West Virginia Irish Road Bowling


 

 
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Restoring a Civil War Sport to West Virginia


American Civil War 1861-1865  Irish Road Bowling

 

This sport was already old, over 100 years old,  when the American Civil War began. It was first mentioned in public records in late 1600s, was widely known in Ireland by the early 1700s. 

 

 Irish road bowling was played in WV during the Civil War. For the North, the 23rd Illinois Infantry, Mulligan's Irish Brigade, USA, mostly policemen and firemen from Chicago, built Fort Mulligan overlooking Petersburg, and protected Clarksburg and Parkersburg from Confederate forces under Imboden and Jones. For the South, the 33rd Virginia Infantry, Company E, the Emerald Guard, Irish laborers and farmers from Virginia's Shenandoah Valley, was part of Stonewall Jackson's famous Stonewall Brigade and fought in what is now West Virginia's eastern panhandle.

 



West Virginia is the only state born out of the whirlwind of the American Civil War.

In those days, Ireland, WV, was a place of divided loyalties. Stonewall Jackson, with Robert E. Lee the Confederacy’s two greatest generals, grew up just to the north of Ireland, WV, at Jackson’s Mill. But two miles south of Ireland was Fort Pickens, a Union army fort and muster field. All about these parts it really became friend against friend, even brother against brother.

In West Virginia battles were different than on the flatland, fought often in huge nearly impassible tangles of rhododendrons on a mountaintop, or even worse, on the side of a mountain. Smaller but powerful mountain howitzers, which could be hauled up the mountainside by only two mules, blasted away through dense woods at close range.

 

Irish Road Bowling was already very old when the American Civil War began, and Irish troops for the North and South marched though West Virginia.

For the North, the 23rd Illinois Infantry, Mulligan's Irish Brigade, mostly policemen and firemen from Chicago, built Fort Mulligan overlooking Petersburg, and stayed there for many months guarding the railroad. For their health and safety, they probably played more on the roads to the North. While protecting Clarksburg and Parkersburg from Confederate troops under Imboden and Jones, the 23rd Illinois marched over our bowling road, Old Rt. 50, near West Union.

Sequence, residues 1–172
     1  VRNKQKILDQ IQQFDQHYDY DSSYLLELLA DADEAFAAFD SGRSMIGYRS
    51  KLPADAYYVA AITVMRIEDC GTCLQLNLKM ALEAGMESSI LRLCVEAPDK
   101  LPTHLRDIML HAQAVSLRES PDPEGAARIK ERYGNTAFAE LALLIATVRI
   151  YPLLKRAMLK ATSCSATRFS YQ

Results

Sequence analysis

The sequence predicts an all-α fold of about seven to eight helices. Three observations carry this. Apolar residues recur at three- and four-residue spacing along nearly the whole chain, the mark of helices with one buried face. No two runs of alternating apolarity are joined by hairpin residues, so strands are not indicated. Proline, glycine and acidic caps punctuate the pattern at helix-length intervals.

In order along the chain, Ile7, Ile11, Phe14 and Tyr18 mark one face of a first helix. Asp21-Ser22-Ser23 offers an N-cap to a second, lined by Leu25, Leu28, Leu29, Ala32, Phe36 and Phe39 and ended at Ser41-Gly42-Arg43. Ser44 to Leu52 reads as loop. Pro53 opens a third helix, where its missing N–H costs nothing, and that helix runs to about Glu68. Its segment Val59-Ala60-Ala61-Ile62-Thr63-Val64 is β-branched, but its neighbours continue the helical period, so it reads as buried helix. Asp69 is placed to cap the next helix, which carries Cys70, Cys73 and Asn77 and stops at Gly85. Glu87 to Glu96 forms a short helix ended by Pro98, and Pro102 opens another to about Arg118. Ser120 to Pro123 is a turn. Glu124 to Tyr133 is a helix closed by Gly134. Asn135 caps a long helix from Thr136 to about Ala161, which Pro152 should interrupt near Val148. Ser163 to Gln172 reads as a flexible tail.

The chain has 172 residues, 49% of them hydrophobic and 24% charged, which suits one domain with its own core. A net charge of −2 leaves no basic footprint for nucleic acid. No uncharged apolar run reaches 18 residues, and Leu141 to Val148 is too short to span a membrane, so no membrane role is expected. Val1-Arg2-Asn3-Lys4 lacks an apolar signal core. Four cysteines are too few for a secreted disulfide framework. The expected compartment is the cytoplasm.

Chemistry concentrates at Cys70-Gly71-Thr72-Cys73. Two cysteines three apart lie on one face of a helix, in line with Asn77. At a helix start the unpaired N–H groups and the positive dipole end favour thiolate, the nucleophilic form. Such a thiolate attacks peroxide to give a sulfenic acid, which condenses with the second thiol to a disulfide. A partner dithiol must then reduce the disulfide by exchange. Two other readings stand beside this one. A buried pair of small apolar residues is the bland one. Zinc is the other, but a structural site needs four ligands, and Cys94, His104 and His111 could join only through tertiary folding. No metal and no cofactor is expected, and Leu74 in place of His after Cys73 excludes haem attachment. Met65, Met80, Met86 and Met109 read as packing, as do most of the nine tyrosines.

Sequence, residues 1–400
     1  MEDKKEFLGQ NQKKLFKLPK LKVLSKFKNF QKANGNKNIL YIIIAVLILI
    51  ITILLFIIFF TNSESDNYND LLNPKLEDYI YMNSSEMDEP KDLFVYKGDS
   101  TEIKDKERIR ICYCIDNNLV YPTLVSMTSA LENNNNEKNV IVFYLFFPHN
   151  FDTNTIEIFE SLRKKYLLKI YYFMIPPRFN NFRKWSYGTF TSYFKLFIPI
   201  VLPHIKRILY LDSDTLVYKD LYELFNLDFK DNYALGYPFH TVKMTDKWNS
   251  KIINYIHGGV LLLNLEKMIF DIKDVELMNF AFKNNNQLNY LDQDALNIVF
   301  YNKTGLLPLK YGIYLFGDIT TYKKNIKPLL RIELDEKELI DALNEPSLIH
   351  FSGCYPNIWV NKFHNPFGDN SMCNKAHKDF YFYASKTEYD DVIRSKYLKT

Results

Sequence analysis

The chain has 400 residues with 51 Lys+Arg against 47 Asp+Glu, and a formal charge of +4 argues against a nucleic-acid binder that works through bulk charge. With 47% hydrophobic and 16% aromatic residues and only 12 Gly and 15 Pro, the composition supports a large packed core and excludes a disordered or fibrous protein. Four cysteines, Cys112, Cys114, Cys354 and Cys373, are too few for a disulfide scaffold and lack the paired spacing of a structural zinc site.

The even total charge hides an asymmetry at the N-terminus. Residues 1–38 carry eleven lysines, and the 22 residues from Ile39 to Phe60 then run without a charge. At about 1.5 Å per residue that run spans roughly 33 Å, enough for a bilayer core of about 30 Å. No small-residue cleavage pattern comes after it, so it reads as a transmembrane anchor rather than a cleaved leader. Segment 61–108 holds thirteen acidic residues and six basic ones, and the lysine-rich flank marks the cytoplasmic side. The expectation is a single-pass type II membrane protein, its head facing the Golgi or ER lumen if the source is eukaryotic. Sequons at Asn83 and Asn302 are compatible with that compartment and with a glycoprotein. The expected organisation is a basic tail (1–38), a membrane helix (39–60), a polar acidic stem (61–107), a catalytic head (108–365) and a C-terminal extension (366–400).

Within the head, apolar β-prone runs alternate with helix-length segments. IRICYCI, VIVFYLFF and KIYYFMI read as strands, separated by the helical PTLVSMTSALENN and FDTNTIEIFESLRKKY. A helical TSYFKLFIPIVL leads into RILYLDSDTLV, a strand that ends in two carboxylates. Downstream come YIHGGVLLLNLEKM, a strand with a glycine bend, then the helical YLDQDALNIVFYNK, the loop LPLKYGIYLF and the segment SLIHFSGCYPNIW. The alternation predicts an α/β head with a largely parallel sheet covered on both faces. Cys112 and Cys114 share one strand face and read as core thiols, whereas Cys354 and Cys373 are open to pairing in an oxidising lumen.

For the South, the 33rd Virginia Infantry, Company E, the Emerald Guard, Irish laborers and farmers from Virginia's Shenandoah Valley, was part of Stonewall Jackson's famous Stonewall Brigade and skedaddled Yankees in what is now West Virginia's eastern panhandle.

In 2004, Dan Harvey, Commandant Curator of the Military Museum, Collins Barracks, County Cork, wrote that, “YES, it is highly likely, even probable that Union and Confederate troops of Irish origin played road bowling as diversion between battle during the American Civil War - as they did worldwide on service with many foreign armies.”

We did not start a new sport in 1995 in West Virginia, we just restored one that had vanished. As we throw small cannonballs down the road this weekend, let’s keep in mind’s eye all young men, including big-hearted Irish soldiers, North and South, who played here in days gone by.

 



A.P. Hill Confederate soldiers, just before crossing the Potomac,                                                         Memorial Marker at Fort Mulligan on the Petersburg heights  

on the way to victory at Antietam, with new secret weapon

                                                                                                                                                   Mulligan,                                                                                                                                                                                                                                                                Drawing of Fort Mulligan


Historic Marker with Old Church (background)at Fort Pickens, Ireland, WV   

Reenactors Camp, August 7-9, 2009, Fort Pickens, Ireland, WV

Fort Pickens, on Union Army Muster Field, Ireland, WV